As the season changes to Autumn, the scenery for many of us quickly follows, adding to it shades of red, orange and yellow to the typically green landscape. The weather too, will turn cooler (at least we’re hopeful in Florida), and of course the needs of sprayers change too. While we’re not quite to the point where we need to winterize our tools, care should be given to prep for that necessary activity and to ensure the changing weather elements don’t impact the end of your season.
These five quick tips for Autumn sprayer maintenance will keep you going strong until it's time for winterization.
1. Flush your sprayer.
To get rid of all excess chemical and chemical residues, flush your sprayer at least twice with clean water. It would be awful to not flush your pump with a month left in the spray season and then rupture some diaphragms. That would result in late season repairs you might not have accounted for, let alone the hassle. When you’re finished, make sure there’s no debris left in the tank. We can help make this process easier by adding a 3 way flush system - give us a call, and we can assist with this handy addition!
2. Clean strainers.
This is one of those tasks no one enjoys, but is so necessary. Partially clogged strainers can result in drops in pressure and even reduce the flow rate of your nozzle. Not to mention that a clogged or dirty strainer can be a source of contamination where you may least expect it. Since most sprayers have more than one strainer, take care to clean each one.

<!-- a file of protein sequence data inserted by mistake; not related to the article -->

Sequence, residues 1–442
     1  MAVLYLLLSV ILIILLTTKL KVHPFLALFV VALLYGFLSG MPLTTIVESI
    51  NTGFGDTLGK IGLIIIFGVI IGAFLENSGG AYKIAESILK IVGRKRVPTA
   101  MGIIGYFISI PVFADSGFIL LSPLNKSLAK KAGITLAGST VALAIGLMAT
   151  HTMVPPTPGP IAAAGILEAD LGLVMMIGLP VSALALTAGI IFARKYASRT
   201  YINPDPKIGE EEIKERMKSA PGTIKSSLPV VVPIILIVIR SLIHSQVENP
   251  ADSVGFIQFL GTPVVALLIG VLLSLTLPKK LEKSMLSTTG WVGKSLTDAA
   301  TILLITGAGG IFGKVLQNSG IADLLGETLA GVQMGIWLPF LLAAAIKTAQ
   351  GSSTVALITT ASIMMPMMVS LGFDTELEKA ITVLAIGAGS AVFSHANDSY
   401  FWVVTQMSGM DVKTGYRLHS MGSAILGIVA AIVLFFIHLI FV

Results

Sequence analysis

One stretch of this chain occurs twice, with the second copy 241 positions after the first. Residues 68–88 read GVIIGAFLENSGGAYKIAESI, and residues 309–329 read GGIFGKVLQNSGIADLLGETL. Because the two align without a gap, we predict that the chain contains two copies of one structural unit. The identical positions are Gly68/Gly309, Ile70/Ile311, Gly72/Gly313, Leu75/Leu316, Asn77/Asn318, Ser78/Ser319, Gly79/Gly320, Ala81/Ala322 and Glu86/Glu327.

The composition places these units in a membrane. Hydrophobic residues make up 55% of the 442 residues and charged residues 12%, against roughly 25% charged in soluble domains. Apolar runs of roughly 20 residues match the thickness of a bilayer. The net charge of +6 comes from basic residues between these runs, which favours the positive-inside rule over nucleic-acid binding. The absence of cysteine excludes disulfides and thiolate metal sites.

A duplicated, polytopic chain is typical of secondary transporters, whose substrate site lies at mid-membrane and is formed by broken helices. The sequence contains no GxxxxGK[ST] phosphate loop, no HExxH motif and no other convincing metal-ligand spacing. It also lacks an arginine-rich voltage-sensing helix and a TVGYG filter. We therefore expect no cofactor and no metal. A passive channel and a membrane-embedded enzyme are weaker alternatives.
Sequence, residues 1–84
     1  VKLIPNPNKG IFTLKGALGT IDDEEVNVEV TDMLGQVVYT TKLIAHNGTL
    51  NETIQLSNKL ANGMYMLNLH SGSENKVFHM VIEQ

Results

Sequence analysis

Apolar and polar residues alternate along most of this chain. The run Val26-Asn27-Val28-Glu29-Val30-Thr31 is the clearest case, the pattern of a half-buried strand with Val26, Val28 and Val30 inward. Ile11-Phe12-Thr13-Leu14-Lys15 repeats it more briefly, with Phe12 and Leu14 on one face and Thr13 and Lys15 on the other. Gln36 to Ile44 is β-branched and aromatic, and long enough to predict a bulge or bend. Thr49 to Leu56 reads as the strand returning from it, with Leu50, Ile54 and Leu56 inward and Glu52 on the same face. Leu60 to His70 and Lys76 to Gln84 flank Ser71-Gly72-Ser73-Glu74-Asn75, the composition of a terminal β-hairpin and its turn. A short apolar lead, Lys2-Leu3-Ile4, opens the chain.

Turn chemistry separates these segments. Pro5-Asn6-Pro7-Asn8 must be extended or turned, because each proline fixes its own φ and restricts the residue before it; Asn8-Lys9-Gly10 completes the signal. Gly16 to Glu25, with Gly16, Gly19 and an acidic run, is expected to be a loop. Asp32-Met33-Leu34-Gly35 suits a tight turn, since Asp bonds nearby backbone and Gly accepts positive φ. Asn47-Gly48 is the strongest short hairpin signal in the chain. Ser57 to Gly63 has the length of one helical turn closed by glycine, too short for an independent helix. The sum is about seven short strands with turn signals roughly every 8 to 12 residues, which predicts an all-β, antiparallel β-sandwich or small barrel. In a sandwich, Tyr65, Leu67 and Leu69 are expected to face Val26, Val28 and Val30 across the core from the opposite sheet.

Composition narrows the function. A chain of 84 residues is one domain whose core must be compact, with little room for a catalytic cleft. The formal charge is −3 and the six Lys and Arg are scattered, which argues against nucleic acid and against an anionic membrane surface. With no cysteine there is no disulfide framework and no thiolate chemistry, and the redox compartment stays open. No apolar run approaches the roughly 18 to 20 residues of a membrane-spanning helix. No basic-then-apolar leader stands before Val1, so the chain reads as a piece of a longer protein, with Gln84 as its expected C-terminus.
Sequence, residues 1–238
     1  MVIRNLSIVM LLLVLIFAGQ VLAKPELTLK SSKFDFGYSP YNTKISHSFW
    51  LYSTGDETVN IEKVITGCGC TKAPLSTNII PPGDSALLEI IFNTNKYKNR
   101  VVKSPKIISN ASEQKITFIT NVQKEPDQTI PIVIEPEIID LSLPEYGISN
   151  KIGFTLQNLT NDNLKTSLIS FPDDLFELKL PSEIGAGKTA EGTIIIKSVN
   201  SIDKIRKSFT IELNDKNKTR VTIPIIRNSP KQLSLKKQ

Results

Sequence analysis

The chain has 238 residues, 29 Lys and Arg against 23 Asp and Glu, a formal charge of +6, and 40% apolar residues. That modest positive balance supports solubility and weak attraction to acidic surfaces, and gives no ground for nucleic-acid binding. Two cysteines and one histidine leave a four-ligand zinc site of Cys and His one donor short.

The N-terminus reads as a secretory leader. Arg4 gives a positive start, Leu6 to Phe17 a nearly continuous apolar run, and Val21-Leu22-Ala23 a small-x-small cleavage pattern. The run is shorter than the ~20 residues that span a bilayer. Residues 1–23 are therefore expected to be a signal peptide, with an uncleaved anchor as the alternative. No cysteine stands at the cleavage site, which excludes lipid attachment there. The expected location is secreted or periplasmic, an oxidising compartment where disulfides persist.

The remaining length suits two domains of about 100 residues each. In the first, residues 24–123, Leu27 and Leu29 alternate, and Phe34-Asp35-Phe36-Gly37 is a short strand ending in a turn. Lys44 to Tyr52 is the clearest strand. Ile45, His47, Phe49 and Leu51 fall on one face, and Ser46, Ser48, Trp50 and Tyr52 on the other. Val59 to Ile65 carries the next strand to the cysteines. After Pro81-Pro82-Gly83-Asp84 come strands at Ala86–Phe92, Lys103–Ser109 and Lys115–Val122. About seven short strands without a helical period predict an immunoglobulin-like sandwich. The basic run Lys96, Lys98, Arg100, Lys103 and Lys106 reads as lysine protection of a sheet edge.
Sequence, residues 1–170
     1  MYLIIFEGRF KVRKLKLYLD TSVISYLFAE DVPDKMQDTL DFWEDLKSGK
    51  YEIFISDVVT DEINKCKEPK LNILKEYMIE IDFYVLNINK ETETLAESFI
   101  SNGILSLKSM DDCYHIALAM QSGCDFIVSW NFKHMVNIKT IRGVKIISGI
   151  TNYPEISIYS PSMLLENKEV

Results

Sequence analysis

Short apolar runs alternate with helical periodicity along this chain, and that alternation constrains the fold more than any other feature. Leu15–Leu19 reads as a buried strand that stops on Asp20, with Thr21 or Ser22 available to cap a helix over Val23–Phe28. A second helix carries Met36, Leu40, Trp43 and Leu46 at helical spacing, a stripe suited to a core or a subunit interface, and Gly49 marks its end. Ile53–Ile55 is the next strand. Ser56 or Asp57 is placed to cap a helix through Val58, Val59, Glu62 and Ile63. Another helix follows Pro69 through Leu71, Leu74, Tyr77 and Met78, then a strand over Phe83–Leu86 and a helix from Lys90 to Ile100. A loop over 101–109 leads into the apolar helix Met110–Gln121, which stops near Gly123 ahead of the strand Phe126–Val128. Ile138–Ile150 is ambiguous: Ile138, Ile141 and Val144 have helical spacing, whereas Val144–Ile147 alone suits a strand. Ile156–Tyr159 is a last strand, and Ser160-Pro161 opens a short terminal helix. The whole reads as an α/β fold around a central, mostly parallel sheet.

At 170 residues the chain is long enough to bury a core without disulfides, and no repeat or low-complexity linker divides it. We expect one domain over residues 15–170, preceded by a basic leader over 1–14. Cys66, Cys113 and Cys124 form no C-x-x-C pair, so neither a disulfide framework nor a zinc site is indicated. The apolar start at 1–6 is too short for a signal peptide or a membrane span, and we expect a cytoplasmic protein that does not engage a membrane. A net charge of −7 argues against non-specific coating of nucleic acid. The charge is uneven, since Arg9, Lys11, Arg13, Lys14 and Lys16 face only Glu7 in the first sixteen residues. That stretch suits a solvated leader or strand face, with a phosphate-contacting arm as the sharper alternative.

3. Check lubricants.
Make sure the oil levels in your spray pump, gearbox and engine are at appropriate levels. If you do need to refill oil, check with the part manufacturer to ensure you’re using the recommended oil.
4. Inspect machine.
What you’re looking for are a number of things, including: worn nozzles; damaged nozzle screens and strainers; cracks, leaks and overall performance in the pump; hose condition, especially cracks or brittleness; any possible leaky valves or areas where valve seals may have loosened; and finally your booms (if applicable) to make sure there aren’t any cracks that need to be fixed. While you’re at it, keep the equipment clean by wiping down motors, pumps and lines.
5. Make a winterization game plan.
Caring for your machine properly now will pay off next year when it’s time to break it back out. Put sprayer winterization on your calendar, and make it a point to situate your equipment before the temps drop and wreak havoc. To make it easy, here's a Sprayer Winterization Guide and a how-to video.